Wednesday, November 11, 2009

"Life is neither meaningful nor meaningless. Meaning and its absence are given to life by language and imagination. We are linguistic beings who inhabit a reality in which it makes sense to make sense.

For life to make sense it needs a purpose. Even if our aim in life is to be totally in the here and now, free from past conditioning and any idea of a goal to be reached, we still have a clear purpose - without which life would be meaningless. A purpose is formed of words and images. And we can no more step out of language and imagination than we can step out of our bodies."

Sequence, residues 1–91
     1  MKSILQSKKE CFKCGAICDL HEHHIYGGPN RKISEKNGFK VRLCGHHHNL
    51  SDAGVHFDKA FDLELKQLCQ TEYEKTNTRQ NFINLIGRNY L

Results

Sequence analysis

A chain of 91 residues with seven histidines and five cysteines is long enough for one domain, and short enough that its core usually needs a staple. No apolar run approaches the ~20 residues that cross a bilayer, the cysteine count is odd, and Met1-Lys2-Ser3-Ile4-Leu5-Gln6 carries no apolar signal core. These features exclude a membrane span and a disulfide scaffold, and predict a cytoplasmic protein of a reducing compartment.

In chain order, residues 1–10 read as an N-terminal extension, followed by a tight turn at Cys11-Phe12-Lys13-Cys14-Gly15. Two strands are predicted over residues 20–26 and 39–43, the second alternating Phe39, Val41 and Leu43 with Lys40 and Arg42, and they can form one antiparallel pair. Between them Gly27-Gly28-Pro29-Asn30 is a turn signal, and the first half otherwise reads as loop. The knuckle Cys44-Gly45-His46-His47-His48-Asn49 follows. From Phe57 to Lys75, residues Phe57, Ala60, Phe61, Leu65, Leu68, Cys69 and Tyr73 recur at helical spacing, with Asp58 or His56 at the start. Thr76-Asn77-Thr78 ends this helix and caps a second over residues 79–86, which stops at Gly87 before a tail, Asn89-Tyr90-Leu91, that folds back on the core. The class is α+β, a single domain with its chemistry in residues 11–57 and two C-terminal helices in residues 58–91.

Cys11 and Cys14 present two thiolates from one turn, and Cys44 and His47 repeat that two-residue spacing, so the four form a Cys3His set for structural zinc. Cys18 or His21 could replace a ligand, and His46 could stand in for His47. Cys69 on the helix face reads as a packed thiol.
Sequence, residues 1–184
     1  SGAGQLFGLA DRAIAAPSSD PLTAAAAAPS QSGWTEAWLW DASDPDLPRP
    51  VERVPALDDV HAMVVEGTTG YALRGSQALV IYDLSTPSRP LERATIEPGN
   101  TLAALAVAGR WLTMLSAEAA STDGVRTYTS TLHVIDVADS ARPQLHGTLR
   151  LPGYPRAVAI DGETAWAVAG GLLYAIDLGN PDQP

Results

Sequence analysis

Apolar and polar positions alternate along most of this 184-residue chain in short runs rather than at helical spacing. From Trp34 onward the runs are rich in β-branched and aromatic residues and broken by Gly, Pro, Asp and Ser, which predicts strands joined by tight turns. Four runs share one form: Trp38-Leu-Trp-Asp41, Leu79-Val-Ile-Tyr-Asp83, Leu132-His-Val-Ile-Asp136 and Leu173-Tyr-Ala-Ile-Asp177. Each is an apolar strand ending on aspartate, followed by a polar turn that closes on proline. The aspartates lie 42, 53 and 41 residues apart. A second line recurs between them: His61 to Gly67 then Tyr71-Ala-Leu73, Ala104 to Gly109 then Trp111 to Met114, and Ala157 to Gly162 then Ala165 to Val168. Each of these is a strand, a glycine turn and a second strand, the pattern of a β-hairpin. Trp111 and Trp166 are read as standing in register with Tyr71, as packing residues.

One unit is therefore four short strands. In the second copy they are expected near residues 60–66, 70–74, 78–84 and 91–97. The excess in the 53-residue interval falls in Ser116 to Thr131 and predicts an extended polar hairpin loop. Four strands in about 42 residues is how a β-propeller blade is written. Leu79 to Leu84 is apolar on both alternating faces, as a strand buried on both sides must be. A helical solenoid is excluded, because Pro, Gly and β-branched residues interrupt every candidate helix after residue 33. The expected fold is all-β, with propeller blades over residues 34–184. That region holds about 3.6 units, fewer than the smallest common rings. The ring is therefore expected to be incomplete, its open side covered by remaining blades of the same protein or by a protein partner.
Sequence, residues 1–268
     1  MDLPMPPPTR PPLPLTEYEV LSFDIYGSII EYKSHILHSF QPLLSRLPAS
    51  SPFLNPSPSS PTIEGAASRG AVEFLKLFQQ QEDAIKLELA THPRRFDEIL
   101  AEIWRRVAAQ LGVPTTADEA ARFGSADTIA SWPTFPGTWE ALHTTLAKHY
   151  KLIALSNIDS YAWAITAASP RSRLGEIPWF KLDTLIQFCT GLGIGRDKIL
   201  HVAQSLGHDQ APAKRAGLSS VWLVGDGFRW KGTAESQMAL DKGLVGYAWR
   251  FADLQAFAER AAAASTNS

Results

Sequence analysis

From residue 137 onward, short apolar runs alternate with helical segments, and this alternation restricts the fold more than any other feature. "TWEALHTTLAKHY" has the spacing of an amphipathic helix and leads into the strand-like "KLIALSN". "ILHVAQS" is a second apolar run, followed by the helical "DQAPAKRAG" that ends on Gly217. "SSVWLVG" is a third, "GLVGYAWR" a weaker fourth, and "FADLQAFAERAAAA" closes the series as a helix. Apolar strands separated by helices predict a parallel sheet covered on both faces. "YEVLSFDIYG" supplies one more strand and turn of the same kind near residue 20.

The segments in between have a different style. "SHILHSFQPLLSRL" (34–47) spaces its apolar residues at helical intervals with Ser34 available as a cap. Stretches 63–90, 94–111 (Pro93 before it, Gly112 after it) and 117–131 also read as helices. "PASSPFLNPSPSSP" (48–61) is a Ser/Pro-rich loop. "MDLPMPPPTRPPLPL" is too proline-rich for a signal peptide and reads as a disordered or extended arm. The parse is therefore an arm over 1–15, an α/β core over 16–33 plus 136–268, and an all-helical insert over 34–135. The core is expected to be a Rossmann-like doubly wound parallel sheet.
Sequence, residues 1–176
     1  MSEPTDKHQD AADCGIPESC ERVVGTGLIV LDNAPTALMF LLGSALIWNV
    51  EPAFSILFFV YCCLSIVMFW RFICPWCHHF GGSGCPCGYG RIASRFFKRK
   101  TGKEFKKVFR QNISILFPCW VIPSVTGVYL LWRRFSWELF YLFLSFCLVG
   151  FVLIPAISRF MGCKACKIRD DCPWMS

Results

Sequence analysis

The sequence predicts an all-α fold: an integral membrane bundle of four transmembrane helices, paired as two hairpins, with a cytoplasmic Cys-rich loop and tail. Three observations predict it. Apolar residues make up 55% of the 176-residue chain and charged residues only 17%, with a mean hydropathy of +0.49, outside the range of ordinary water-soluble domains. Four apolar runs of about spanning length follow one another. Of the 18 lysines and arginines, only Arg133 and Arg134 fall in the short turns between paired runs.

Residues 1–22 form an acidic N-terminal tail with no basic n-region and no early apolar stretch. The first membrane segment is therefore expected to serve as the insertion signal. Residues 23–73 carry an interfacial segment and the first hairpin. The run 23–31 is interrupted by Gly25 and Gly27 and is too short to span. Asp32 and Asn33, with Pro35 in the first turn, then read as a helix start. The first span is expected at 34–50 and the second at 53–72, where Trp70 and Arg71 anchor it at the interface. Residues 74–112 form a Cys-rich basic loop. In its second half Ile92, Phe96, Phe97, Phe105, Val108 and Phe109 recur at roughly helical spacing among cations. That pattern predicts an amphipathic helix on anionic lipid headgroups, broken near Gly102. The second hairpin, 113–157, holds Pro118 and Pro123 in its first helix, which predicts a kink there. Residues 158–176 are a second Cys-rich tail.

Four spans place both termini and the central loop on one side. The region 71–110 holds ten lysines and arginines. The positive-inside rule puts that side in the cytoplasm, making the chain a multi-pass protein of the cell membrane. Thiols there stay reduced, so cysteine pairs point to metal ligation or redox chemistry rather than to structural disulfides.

Stephen Bachelor, "Buddhism Without Beliefs"


Aidan Semmens said...

That first paragraph is so fully true it makes the second paragraph redundant. Arguably, it makes everything I've written and am ever likely to write redundant. And perhaps that goes for everyone else too.

Or not. Who knows? These are just words, after all.

Alan Baker said...

It depends how you look at it, I suppose. You could take it to mean the oppsite: that using language (allied with imagination) is the most important thing we do.

But I think the attitude in your second para Aidan, is useful, if only to stop us (poets, that is) taking ourselves too seriously.